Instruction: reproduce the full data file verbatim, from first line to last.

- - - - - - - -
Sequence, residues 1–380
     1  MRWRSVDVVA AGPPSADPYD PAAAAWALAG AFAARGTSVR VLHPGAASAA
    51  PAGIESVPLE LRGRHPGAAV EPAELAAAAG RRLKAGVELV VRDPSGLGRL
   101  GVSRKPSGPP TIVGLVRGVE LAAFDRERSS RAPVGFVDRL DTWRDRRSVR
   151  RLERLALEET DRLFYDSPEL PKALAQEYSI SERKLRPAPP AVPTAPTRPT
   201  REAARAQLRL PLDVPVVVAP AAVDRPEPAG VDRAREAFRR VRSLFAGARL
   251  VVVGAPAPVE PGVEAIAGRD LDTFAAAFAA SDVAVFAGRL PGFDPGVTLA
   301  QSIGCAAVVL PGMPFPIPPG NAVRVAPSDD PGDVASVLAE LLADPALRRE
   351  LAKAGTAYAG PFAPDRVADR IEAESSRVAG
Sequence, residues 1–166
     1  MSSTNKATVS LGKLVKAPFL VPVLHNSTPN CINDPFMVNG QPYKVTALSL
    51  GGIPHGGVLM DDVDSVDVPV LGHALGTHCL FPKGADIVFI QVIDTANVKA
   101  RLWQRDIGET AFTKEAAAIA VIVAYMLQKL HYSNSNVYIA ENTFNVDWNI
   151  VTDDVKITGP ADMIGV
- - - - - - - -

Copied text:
Sequence, residues 1–380
     1  MRWRSVDVVA AGPPSADPYD PAAAAWALAG AFAARGTSVR VLHPGAASAA
    51  PAGIESVPLE LRGRHPGAAV EPAELAAAAG RRLKAGVELV VRDPSGLGRL
   101  GVSRKPSGPP TIVGLVRGVE LAAFDRERSS RAPVGFVDRL DTWRDRRSVR
   151  RLERLALEET DRLFYDSPEL PKALAQEYSI SERKLRPAPP AVPTAPTRPT
   201  REAARAQLRL PLDVPVVVAP AAVDRPEPAG VDRAREAFRR VRSLFAGARL
   251  VVVGAPAPVE PGVEAIAGRD LDTFAAAFAA SDVAVFAGRL PGFDPGVTLA
   301  QSIGCAAVVL PGMPFPIPPG NAVRVAPSDD PGDVASVLAE LLADPALRRE
   351  LAKAGTAYAG PFAPDRVADR IEAESSRVAG
Sequence, residues 1–166
     1  MSSTNKATVS LGKLVKAPFL VPVLHNSTPN CINDPFMVNG QPYKVTALSL
    51  GGIPHGGVLM DDVDSVDVPV LGHALGTHCL FPKGADIVFI QVIDTANVKA
   101  RLWQRDIGET AFTKEAAAIA VIVAYMLQKL HYSNSNVYIA ENTFNVDWNI
   151  VTDDVKITGP ADMIGV